Why would panasonic and olympus build such a thing for a native mount instead of make a fast glass directly? You can buy a 42,5 1.2 and have no more problems of high ISO.
  10. tkbslc

    tkbslc Mu-43 Legend


    For a speed booster to be possible, you need 2 things:

    1) A larger imaging circle. The speed booster works by using special optics to squeeze a larger imaging circle from the lens onto a sensor designed for a smaller one. 4/3 and m4/3 lenses have 2x crop imaging circles, so there's no extra image to gain. So we already strike out/

    2) You need room to fit the speed booster in the light path without interfering with the original mount depth. If the speed booster increases the distance between the lens and the sensor, you lose infinity focus. That's exactly how macro extension tubes work. This is why you can never see a speed booster designed to mount native lenses to the original mount. There's no room.
    • Agree Agree x 5
  11. Klorenzo

    Klorenzo Mu-43 All-Pro

    Mar 10, 2014
    I think a properly designed booster may solve this problem. There are adapters, with optical elements, allowing to mount lenses at a larger flange distance than the one they were designed for (keeping full focus functionality).
    But I'm not sure if these adapters alter the focal length or the lens speed in any way fundamentally not compatible with the speed booster function.

    As a side note a m43 -> m43 to speed-booster cannot exist for a simple abstract reasoning: if these were possible, I could stack as many boosters as I want to gain extra stops at each step. So eventually one should start to wonder: where exactly is this extra light coming from?
    Last edited: May 18, 2017
  12. tkbslc

    tkbslc Mu-43 Legend

    Those adapters work by adding a teleconverter element. For example Canon FD to EF adapter has a 1.2x teleconverter. Obviously if you add a TC and a speed booster together, you are basically back where you started!
    • Informative Informative x 1
  13. Petrochemist

    Petrochemist Mu-43 Top Veteran

    Mar 21, 2013
    N Essex, UK
    No 2 is worse than you're making out. To use a focal reducer the lens has to be CLOSER to the sensor than it does without the optics. My EOS based reducer mounts the lens ~19mm further away the the MFT mounting, with a standard adapter thats nearer 23mm, so the optics with the 0.71x reducer I have need the lens ~4mm closer in.
    To use a similar reducer on a MFT lens the lens would have to sit ~4mm inside the lens mount with the reducer optics closer still.
    I suspect if additional relay lenses are used this problem could be solved t the cost of an inverted image & greatercomplexity/abberations. Even then the coverage issue would still remain.
    • Informative Informative x 1
  14. Drdave944

    Drdave944 Mu-43 All-Pro Subscribing Member

    Feb 2, 2012
    Canon has mirrorless cameras and special M lenses to put on them. What if you want to use their other glass? Presto! You can buy an adapter that maintains all the functions of the glass,such as autofocus and IS. It is an APS-C size picture which is cropped . It does not change the focal length or F stop. It gives users an incentive to use their M-Cameras,which are very basic units,but are quite nice. So ,unless there is a financial incentive,don't hold your breath.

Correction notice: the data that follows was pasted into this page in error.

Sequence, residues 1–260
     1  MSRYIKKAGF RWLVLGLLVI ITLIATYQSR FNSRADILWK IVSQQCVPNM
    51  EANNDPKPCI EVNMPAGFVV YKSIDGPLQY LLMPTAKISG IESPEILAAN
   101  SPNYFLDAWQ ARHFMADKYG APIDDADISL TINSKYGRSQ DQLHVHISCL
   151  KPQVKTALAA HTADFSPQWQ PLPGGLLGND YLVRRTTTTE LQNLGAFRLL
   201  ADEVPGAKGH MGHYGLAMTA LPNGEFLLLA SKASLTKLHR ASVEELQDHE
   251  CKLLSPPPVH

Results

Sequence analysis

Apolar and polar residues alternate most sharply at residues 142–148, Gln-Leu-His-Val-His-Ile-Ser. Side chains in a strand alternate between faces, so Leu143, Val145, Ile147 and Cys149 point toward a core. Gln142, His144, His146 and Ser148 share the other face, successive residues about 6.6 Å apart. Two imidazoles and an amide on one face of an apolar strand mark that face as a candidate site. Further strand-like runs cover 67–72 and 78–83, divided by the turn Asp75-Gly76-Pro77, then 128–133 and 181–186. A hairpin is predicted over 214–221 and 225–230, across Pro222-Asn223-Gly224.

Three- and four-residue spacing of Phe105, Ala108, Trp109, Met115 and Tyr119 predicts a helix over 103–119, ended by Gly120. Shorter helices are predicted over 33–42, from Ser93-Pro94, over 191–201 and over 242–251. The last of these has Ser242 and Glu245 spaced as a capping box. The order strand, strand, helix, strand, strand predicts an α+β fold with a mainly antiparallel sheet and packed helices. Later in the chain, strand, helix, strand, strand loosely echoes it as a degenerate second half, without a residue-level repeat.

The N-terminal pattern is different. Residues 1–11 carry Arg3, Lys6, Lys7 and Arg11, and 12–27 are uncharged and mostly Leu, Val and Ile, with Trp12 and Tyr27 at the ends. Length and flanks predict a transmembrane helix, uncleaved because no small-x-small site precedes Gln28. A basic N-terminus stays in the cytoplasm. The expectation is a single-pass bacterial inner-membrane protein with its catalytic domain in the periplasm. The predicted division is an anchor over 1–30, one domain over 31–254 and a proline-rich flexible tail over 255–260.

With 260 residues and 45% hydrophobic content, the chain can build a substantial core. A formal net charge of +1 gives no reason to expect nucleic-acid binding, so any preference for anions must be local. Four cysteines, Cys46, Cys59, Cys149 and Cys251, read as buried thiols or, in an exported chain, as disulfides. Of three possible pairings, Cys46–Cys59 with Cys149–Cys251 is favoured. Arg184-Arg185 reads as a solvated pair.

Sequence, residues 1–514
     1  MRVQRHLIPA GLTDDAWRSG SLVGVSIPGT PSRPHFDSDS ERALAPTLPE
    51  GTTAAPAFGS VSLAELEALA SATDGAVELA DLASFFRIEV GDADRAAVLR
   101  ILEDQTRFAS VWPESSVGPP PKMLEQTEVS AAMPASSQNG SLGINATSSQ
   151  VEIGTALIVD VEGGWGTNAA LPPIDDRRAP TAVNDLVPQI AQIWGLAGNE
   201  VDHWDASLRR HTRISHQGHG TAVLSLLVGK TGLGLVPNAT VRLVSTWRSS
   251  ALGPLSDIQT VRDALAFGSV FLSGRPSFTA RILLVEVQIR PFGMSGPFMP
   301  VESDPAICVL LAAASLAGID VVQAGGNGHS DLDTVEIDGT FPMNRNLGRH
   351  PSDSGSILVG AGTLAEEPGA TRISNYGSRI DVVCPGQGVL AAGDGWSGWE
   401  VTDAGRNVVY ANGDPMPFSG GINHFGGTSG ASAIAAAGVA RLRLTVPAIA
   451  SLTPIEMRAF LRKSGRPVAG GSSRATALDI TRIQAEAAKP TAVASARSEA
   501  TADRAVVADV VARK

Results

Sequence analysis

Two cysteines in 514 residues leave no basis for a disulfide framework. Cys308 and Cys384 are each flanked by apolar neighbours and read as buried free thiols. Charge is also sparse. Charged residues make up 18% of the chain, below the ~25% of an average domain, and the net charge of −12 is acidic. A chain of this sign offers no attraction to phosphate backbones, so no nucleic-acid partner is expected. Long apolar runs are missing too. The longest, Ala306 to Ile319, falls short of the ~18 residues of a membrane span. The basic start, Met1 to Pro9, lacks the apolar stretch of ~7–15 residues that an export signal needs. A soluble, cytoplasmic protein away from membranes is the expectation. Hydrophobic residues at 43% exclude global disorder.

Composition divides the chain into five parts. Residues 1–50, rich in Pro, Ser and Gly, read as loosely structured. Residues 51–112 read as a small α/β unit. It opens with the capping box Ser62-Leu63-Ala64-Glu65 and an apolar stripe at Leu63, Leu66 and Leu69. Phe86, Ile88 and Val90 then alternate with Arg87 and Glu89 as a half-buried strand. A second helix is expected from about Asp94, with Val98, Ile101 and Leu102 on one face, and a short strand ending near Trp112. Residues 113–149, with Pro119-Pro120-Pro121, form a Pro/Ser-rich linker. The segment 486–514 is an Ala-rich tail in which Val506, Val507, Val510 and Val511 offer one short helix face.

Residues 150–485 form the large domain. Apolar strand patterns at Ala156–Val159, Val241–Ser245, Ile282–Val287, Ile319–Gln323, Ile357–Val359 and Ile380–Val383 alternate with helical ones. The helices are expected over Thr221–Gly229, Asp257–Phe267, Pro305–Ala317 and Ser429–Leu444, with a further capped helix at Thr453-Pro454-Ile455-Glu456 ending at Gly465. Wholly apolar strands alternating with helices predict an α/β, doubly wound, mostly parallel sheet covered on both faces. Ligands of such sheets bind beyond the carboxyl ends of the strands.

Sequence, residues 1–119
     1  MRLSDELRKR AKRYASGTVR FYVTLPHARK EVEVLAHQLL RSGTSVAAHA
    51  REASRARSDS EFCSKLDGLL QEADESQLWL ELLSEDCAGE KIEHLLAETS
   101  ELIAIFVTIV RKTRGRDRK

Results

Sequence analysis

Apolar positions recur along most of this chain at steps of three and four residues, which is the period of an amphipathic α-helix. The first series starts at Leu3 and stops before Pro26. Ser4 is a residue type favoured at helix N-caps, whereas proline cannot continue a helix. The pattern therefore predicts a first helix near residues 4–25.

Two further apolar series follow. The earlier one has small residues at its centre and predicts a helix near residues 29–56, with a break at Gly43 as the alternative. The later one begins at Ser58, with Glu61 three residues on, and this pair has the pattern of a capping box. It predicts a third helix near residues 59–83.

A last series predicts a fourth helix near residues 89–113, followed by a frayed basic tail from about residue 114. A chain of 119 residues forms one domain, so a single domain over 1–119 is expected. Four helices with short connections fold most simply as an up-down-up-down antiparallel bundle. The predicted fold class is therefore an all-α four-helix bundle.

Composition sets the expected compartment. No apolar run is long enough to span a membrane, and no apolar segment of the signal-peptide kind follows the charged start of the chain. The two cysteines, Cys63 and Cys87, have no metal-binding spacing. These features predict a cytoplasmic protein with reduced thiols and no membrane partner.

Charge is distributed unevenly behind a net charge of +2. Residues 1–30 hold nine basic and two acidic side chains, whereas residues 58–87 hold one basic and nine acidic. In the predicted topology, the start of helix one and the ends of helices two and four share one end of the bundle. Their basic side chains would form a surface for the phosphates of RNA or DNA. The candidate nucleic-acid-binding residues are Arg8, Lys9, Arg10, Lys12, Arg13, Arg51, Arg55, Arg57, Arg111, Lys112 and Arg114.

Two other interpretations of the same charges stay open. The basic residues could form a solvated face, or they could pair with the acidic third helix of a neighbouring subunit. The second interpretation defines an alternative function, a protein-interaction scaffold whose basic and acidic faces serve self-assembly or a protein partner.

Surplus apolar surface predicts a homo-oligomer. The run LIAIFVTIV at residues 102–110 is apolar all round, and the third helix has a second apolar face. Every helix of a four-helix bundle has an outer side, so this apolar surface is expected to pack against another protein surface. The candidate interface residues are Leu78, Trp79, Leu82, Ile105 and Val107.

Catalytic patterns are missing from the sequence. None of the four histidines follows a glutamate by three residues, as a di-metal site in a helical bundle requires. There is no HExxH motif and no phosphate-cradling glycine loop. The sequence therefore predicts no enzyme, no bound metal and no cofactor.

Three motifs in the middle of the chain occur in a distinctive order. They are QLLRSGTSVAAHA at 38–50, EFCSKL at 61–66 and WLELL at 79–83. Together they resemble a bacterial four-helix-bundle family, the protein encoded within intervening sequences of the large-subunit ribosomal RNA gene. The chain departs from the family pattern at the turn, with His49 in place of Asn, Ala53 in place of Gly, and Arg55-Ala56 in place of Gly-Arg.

• Like Like x 1
  15. tkbslc

    tkbslc Mu-43 Legend

    Metabones lets you do that with Canon to most mirrorless systems
  16. pdk42

    pdk42 One of the "Eh?" team

    Jan 11, 2013
    Leamington Spa, UK
    Yeah, come on Panasonic - that's just what we all need! I'd buy one for sure. Two in fact - then stack them and make my lenses 2-stops faster.

    Hell, why not three or four and go for broke!! In fact, if I keep adding these adapters then there'd be a point at which I'd melt the sensor with the light intensity. Maybe that's why they don't make them - can you imagine the health and safety issues with devices like that? They could start forest fires, or even initiate thermonuclear reactions. Yeah, I guess that's why Panasonic don't make them. Smart people those engineers.
    • Like Like x 1
  17. pellicle

    pellicle Mu-43 Hall of Famer

    Feb 10, 2010
    Kiillarney, OzTrailEYa

    The answer is no, because (as answered neatly above):

    Perpetual motion machines are constrained by the same physics
    • Like Like x 1
  18. callie

    callie Mu-43 Regular

    Oct 28, 2016
    I seems that the description/Purpose of the 'Speed booster' is somehow not understood.
  19. Clint

    Clint Mu-43 Hall of Famer Subscribing Member

    Apr 22, 2013
    San Diego area, CA
    Don't wish for "the camera was more usable in low light." They are very useable in low light. And if you want to shoot in very dim light, there are over two dozen lenses from f/0.95 - f/2.0.
    • Agree Agree x 2
  20. Linden

    Linden Mu-43 Regular

    May 1, 2017
    Knox, TN
    Exactly. Just think of them as lenses with built-in speed boosters. :biggrin:
    • Funny Funny x 1